This winter is expected to be an El Niño year, but that term can be confusing.
The meteorological term "El Niño" means the temperatures of the water in the eastern pacific near the equator are warmer than average, and that has an effect on the overall weather pattern globally. For us, that usually means a milder winter with above average temperatures.
The National Weather Service in La Crosse wants to remind you that this is Wisconsin, and El Niño doesn't mean that winter won't come at all.
NWS La Crosse Meteorologist in Charge Glenn Lussky says winter storms are still likely to happen from time to time as they usually do. "Even if we are warmer than normal, we could very well still have a significant event. Look at just last week with that storm that went just to our south here in La Crosse, had over a foot of snow in some locations. That kind of storm certainly is possible throughout the winter season here."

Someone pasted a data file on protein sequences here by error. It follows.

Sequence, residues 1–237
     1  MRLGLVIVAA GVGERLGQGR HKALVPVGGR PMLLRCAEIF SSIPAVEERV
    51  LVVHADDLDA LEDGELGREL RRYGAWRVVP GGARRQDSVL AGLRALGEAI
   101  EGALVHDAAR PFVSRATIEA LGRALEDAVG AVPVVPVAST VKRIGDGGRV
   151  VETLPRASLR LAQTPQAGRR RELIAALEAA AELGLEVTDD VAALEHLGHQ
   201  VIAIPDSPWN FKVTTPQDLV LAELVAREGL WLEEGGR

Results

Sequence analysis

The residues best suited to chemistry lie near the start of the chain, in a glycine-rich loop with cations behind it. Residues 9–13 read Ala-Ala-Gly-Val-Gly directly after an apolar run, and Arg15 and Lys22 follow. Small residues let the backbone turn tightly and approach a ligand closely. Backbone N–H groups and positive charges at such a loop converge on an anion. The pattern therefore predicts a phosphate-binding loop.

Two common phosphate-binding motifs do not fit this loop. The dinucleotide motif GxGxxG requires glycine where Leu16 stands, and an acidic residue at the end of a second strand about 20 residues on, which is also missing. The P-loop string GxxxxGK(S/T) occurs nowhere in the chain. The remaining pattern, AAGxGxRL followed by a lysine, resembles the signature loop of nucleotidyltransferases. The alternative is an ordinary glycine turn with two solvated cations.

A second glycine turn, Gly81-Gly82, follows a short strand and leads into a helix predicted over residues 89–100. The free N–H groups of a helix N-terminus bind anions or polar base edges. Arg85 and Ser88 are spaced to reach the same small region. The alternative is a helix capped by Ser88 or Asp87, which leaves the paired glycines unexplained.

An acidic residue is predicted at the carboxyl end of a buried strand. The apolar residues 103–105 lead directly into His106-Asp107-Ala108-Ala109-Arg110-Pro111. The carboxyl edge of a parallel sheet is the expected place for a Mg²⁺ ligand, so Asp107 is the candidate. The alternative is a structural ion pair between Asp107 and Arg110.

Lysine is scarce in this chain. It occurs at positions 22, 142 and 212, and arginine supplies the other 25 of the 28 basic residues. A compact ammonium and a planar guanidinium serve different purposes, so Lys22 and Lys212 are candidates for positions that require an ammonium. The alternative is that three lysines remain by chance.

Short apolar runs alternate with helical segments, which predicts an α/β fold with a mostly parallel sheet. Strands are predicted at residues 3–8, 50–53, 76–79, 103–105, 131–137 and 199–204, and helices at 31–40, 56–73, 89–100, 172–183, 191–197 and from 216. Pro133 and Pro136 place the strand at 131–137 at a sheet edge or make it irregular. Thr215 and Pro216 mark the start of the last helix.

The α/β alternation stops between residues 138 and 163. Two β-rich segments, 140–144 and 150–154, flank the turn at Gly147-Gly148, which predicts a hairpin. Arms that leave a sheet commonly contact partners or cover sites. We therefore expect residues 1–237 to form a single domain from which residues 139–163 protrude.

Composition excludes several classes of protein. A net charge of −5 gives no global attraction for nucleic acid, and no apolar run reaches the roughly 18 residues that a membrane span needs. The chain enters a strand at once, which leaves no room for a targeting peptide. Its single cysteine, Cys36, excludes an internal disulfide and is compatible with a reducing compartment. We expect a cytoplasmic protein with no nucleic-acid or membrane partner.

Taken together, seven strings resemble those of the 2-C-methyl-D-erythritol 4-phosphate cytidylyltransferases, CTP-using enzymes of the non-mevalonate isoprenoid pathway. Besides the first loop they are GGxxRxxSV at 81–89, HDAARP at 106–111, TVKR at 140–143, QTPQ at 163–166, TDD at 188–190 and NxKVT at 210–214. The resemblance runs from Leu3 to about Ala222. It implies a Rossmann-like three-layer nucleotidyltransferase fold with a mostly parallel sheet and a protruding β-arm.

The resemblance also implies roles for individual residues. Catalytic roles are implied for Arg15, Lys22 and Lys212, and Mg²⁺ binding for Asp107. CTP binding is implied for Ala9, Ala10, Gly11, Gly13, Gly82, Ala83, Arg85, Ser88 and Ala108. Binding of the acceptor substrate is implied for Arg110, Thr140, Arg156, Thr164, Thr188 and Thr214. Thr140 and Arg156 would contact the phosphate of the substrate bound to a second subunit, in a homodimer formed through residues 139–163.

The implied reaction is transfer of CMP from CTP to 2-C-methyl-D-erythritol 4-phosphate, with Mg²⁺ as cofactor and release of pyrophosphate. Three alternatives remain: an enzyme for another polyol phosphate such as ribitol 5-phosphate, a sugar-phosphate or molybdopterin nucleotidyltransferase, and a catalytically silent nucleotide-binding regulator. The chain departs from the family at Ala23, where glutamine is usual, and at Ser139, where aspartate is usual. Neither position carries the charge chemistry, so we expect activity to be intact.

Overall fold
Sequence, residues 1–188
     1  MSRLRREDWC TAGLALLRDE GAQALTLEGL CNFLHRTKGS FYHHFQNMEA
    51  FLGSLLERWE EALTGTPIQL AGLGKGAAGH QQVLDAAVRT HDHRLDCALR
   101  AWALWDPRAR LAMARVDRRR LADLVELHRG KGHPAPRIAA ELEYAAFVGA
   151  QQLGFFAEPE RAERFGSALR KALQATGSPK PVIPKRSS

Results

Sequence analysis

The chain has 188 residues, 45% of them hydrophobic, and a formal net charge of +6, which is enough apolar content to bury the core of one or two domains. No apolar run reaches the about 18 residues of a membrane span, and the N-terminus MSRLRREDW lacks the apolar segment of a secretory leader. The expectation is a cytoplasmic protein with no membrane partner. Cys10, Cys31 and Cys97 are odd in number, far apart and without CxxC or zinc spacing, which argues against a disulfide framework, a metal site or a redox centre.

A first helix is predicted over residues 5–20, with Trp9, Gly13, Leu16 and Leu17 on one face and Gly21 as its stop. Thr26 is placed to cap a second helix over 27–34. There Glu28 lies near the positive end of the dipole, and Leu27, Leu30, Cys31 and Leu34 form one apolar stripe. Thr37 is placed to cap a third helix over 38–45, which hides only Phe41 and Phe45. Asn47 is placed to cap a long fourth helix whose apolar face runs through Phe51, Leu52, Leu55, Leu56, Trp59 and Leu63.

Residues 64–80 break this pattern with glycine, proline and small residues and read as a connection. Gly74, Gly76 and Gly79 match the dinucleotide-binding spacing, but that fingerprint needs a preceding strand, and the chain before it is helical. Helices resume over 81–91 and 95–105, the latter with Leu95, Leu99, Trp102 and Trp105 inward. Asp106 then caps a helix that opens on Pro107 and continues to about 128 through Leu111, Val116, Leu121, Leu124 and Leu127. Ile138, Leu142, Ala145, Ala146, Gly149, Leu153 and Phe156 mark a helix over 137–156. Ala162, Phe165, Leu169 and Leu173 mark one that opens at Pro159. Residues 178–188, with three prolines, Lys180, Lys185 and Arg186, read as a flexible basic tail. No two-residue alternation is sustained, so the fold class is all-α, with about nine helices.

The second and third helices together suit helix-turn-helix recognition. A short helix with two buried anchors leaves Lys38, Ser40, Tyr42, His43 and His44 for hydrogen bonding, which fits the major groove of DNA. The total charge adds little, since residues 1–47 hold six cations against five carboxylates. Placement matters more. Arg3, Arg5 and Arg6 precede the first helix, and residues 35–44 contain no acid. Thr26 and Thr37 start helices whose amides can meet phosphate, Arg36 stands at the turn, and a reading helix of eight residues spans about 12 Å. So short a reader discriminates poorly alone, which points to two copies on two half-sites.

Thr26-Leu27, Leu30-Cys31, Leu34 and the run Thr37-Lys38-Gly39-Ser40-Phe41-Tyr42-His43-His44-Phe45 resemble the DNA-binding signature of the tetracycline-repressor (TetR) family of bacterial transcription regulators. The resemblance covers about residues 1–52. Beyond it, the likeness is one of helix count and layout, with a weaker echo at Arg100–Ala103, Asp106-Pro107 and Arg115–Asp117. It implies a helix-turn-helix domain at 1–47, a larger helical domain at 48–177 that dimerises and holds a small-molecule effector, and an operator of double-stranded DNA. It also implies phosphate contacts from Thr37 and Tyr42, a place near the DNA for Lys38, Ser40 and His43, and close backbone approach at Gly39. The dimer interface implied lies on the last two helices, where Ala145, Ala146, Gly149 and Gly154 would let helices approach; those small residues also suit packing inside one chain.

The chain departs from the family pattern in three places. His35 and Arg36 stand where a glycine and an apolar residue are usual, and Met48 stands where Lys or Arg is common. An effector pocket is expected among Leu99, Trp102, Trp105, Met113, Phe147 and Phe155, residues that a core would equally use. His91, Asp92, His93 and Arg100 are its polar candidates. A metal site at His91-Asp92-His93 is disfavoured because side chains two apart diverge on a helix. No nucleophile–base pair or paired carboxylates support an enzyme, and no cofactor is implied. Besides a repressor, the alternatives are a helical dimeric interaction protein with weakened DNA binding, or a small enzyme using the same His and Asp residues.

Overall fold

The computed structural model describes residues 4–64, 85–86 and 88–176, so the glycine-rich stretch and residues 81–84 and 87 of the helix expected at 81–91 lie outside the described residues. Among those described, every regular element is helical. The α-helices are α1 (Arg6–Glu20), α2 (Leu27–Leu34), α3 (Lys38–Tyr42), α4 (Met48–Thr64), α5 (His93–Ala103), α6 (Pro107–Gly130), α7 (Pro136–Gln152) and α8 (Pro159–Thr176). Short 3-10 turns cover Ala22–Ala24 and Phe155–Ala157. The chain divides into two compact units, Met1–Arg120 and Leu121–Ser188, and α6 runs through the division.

Lussky says that you still need to be prepared for winter weather despite the favorable odds for a slightly warmer winter overall. "Whether it's warmer than normal over the course of that three month period, December through February, we will have cold episodes in there, people need to be prepared for that, whether it be very cold temperatures, whether it be a significant snowfall."
He says the odds for warmer temperatures are just that: a probability. A warmer than average winter likely means temperatures, when averaged over the entire winter, would be only a few degrees warmer than normal.